Hollywood’s talent guilds have long fretted about leaving money on the table in negotiations with studios. Many remember when they failed to recognize the early value of DVDs, thus not fully sharing in that bounty.
This year, however, they came armed with perhaps greater leverage than usual, as studios seemed to accept that in a time of inordinate and fast-paced change, there are benefits associated with stability.
SAG-AFTRA, which represents actors and performers, agreed to a new three-year contract Tuesday, one that in many respects mirrors gains recorded by the Directors Guild of America and Writers Guild. (Although parts of all three contracts overlap, there are concerns unique to each of the groups.)
Yet while writers’ and actors’ negotiations went down to the wire — and indeed, even past their deadlines — there was a sense after the former that the entertainment industry’s conglomerates were eager to avoid the uncertainty that goes with a strike.
In the past, that hasn’t always demonstrably been the case. At times, the studios have sought to send a message to talent, one predicated on the fact that they can withstand the pain of a work stoppage longer, and have more tools — including unscripted television shows — to weather the pain associated with one.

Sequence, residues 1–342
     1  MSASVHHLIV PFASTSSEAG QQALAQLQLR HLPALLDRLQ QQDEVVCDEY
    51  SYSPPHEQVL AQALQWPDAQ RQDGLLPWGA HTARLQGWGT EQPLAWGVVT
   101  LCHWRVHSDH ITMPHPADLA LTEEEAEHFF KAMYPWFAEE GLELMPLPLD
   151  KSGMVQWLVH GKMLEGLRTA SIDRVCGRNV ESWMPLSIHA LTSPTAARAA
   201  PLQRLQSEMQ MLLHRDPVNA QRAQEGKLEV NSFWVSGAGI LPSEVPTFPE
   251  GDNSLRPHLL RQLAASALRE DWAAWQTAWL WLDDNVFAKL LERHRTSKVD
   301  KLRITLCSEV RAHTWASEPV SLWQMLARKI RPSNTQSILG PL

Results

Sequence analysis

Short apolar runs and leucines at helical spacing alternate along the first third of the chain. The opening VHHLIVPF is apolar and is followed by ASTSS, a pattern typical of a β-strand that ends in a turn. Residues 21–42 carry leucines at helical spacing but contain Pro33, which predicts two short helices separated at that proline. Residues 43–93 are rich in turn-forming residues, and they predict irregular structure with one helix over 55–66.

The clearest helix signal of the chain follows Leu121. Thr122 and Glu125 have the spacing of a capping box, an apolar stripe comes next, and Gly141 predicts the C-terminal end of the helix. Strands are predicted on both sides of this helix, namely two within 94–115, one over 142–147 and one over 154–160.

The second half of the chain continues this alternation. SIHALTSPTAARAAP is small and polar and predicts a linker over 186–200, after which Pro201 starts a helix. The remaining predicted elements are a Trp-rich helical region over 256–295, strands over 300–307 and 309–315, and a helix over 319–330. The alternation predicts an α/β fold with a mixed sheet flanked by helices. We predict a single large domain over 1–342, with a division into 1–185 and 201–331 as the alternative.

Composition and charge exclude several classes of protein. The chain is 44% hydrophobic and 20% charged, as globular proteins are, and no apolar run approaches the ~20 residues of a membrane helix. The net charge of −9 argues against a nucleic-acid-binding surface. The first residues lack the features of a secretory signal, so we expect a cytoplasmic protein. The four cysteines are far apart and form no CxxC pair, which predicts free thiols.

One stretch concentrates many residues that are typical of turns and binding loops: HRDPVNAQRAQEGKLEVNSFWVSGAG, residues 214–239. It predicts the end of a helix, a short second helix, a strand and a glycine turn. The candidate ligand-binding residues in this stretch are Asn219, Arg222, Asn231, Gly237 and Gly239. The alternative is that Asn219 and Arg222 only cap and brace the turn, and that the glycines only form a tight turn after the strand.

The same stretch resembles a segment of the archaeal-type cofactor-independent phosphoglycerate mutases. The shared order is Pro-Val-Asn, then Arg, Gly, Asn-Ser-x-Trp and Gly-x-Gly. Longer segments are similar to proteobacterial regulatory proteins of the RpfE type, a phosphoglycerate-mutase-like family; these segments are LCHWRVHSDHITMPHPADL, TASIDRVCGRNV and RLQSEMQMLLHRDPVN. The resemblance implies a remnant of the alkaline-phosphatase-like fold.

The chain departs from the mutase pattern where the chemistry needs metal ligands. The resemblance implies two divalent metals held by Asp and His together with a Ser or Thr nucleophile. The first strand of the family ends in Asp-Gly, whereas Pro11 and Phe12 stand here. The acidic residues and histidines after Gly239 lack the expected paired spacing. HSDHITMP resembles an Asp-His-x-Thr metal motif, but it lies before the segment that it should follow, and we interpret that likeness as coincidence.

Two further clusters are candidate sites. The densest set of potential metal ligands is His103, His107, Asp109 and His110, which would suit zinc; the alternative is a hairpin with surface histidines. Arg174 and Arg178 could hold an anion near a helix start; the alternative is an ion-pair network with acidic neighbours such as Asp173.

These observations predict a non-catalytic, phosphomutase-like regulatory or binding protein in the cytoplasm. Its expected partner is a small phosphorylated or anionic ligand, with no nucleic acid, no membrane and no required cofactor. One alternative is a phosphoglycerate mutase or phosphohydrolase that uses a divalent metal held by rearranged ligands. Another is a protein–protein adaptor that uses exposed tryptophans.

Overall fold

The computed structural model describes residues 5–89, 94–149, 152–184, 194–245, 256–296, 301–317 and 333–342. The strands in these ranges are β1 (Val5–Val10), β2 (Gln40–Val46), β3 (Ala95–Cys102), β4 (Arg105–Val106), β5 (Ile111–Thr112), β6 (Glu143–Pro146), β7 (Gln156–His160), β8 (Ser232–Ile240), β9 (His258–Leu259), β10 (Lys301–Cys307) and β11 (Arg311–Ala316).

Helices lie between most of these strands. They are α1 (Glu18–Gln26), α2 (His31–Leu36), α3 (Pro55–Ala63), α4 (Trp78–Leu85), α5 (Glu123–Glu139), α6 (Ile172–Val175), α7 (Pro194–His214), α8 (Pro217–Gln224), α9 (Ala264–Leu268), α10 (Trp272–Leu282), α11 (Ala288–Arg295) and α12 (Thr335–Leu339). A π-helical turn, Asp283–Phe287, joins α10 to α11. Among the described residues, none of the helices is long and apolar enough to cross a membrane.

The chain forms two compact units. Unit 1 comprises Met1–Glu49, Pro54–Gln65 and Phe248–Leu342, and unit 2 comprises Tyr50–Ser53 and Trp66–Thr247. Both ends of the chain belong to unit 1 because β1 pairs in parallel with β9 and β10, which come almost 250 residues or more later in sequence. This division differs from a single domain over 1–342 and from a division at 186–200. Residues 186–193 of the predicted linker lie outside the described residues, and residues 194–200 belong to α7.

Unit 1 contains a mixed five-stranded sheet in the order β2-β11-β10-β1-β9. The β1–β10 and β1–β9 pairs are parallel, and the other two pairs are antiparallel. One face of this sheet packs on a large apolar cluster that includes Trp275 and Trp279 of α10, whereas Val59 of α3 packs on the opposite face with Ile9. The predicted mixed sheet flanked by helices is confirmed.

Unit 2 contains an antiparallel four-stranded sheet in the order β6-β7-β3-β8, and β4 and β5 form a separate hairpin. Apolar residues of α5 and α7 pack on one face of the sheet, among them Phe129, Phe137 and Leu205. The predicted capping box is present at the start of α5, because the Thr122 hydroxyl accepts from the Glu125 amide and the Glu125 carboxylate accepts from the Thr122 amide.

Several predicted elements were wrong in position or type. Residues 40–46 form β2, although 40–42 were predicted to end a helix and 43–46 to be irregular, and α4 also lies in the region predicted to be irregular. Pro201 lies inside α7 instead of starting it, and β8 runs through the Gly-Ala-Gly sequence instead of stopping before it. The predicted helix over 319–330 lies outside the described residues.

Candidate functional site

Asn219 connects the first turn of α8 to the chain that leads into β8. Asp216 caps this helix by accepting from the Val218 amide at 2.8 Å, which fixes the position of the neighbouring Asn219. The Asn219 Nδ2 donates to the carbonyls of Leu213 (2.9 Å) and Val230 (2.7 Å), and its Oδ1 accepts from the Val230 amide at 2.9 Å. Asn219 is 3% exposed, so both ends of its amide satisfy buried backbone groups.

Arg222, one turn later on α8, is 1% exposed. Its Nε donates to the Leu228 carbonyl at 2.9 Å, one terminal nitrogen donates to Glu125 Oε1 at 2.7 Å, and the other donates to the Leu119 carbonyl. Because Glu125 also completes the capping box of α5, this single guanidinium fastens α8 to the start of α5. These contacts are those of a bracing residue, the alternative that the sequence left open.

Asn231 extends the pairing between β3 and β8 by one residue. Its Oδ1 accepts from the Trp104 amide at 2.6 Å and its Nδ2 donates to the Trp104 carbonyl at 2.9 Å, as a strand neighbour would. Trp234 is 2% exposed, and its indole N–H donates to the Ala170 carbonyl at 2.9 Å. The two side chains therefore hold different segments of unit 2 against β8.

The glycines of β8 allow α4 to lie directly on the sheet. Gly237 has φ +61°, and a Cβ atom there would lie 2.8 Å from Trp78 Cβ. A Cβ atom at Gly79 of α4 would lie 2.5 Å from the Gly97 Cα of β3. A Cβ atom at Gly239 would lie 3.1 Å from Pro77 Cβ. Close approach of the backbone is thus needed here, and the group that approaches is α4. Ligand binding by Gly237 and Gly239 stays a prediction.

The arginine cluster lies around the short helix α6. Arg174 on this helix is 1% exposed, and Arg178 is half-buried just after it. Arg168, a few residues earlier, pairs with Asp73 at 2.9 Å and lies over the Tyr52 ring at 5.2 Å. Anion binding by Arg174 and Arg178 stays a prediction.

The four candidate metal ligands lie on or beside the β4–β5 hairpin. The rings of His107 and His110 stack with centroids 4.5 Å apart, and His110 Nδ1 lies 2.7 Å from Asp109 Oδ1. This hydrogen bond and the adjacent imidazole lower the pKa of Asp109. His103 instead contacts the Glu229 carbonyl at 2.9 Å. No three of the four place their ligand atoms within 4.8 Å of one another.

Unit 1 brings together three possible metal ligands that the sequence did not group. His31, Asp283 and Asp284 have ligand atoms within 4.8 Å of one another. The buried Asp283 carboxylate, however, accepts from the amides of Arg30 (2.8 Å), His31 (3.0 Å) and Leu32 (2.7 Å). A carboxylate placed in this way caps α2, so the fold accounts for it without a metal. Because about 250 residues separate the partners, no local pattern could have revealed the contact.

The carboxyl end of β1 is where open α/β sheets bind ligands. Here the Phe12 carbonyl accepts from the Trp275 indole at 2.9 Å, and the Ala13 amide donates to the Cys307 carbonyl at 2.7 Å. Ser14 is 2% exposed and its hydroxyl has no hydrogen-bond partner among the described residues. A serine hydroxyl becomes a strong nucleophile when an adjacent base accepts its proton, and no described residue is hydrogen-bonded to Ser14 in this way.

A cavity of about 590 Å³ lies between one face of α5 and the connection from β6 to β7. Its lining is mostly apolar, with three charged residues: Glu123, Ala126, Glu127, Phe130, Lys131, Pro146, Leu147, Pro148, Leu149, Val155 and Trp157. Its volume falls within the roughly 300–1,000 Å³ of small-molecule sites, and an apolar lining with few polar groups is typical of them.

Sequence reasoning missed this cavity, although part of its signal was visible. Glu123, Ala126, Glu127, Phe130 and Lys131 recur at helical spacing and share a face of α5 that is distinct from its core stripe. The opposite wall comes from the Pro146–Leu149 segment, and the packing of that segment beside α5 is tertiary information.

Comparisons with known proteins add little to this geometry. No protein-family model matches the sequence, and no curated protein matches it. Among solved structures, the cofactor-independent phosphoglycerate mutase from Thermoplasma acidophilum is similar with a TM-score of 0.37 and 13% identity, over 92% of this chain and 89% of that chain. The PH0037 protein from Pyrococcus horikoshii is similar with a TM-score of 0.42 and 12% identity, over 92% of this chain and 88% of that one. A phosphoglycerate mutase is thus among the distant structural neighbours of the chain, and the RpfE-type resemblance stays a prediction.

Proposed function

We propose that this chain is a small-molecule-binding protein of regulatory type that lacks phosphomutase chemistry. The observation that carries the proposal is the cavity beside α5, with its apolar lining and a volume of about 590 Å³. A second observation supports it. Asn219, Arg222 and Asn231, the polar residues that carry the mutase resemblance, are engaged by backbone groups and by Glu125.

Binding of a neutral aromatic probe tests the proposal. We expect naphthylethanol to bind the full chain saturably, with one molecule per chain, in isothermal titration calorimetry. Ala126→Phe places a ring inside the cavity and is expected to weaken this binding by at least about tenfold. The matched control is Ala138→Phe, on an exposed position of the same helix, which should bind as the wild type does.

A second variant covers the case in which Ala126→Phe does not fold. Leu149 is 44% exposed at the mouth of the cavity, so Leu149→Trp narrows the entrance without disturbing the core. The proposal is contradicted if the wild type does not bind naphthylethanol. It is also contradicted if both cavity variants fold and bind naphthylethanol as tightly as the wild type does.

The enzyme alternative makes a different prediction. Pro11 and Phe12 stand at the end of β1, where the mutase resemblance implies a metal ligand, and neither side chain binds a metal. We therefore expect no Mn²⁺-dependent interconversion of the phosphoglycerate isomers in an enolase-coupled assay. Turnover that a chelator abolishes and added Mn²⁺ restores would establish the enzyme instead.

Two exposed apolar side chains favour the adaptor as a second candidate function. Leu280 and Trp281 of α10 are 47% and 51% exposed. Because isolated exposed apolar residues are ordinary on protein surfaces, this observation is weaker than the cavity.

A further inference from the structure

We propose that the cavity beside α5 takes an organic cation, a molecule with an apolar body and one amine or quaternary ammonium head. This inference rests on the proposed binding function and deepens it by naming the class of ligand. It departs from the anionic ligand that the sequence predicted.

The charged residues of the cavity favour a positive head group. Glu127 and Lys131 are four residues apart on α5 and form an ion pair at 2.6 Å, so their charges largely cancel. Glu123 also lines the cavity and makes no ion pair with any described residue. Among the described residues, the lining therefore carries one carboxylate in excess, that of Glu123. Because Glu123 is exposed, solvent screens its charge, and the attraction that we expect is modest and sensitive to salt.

Granted, the memory of the 2007 writers strike is still fresh, and part of the studios’ willingness to barter doubtless had to do with the profits they’re wringing from original programming even in the face of declining ratings. With networks owning more of their shows, they can cash in on deals with streaming services and international sales, offsetting losses from more traditional platforms.
The same largely goes for the movie business, where a decline in U.S. box-office this summer is being softened by the robust performance of many films overseas, making the bottom line on fading franchises like “Transformers” and “Pirates of the Caribbean” more favorable.
For all that, the competitive landscape and methods of distribution are changing so quickly that letting the wheels of production grind to a halt feels riskier. With network ratings already down, consumers finding creative ways around anteing up for cable subscriptions and fewer people seeing movies in theaters, why tempt the fates by inviting them to test the waters on alternatives that might hasten such erosion?
When the writers reached their deal, the Los Angeles Times reported that top studio executives were directly involved in the negotiations, which paved the way for concessions that became part of the agreement. An anonymous executive was quoted saying the studios were “sympathetic” toward the Guild’s issues, adding, “It wasn’t the studios who did this to the writers, it was just that the world had changed.”
The new contracts have bought the studios another stretch of labor harmony, with the increases the guilds recorded reflecting that Hollywood’s major players are currently doing quite well. But it’s also a tacit admission that it’s wise not to rock a boat that’s already grappling with leaks in a number of areas.
For now, that means that the guilds and studio negotiators can enjoy a breather, but only a temporary one. Because while labor peace means a little extra peace of mind, what the entertainment world will look like come 2020 is anybody’s guess.